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Decision Making with Improve, No Change, Worsen

10 Oct 2018

xp collaboration

I have a problem with making decisions - it’s very easy to focus purely on the positive values and avoid critically evaluating the negatives. This is relevant in all walks of life, but manifests daily at work, writing software.

Both myself and my team have started using this ‘three-column’ way of evaluating courses of action.

For a given action, call it X:

Improve No Change Worsen
What will improve if we do X? What won’t change if we do X? What will get worse if we do X?

The most valuable thing is that the third column is almost never empty - if it is, then we probably need to sit and think about it a bit more.

Two examples

1 - Our team is considering adopting a different service for automated incident management. Below is a rough cut of the points we made and which informed our next steps.

Improve No Change Worsen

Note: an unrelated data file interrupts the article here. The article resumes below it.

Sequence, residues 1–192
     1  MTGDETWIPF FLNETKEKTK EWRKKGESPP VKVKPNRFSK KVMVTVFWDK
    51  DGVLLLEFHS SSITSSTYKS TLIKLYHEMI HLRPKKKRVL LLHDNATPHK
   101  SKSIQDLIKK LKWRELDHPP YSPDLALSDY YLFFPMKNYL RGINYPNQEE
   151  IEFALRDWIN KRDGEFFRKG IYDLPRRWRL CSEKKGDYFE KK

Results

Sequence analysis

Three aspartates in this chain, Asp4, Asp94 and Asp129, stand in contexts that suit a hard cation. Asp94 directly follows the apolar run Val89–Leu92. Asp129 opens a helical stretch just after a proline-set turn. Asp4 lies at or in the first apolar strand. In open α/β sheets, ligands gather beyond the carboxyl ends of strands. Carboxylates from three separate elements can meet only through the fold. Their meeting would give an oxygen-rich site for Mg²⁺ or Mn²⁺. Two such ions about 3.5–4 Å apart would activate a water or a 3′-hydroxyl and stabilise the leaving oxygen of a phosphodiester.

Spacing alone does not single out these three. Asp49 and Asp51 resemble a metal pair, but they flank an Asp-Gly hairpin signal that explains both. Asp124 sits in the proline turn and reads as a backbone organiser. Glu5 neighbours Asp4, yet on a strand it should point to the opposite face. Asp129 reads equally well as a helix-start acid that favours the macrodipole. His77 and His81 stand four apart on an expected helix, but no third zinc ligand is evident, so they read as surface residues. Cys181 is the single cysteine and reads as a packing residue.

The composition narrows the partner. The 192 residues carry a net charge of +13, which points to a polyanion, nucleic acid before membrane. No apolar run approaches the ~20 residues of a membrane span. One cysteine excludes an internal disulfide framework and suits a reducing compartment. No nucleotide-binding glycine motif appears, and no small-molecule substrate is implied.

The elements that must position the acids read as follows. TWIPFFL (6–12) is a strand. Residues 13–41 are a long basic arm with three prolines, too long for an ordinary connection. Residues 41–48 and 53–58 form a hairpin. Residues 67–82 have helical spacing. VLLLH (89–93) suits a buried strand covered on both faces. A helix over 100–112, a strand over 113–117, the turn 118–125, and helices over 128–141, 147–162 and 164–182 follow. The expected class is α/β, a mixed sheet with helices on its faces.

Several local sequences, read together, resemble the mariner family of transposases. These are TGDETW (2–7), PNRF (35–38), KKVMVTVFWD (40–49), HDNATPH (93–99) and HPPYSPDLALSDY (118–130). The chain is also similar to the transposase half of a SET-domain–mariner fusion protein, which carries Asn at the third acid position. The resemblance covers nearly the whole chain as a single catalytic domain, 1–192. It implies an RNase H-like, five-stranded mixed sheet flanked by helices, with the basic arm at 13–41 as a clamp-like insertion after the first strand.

On-call experience - a more feature-rich platform will enable our developers to have better control and analytics over the state of our alerting Alert quality - a new service won’t change how we are writing our checks and monitoring Cost (£££) - the pricing model will change and take a larger amount of our budget
Extensibility - a platform with multiple integrations enables us to experiment with new implementations of observability tooling   Training - a new system will take time to get used to and for our developers to fully get to grips with
SLAs - a service with SLA guarantees for e.g. message delivery will improve operational stability of our alerting infrastructure   Control - a managed service is a balance, trading control over the system for reduced operational overhead

2 - Earlier this year we were doing a piece of work for another team that inflated in scope as the story progressed. We didn’t use this framework as preparation for the story and this could have saved us precious time by extracting the exact problem we were trying to solve and realising this was not aligned with expectations.

Value in the act and the output

Even if the choice is a “foregone conclusion”, compelling ourselves to articulate these points engages our own understanding of the problems that we are facing.

In particular, if we can’t explain the problem, then the solution probably isn’t the right one.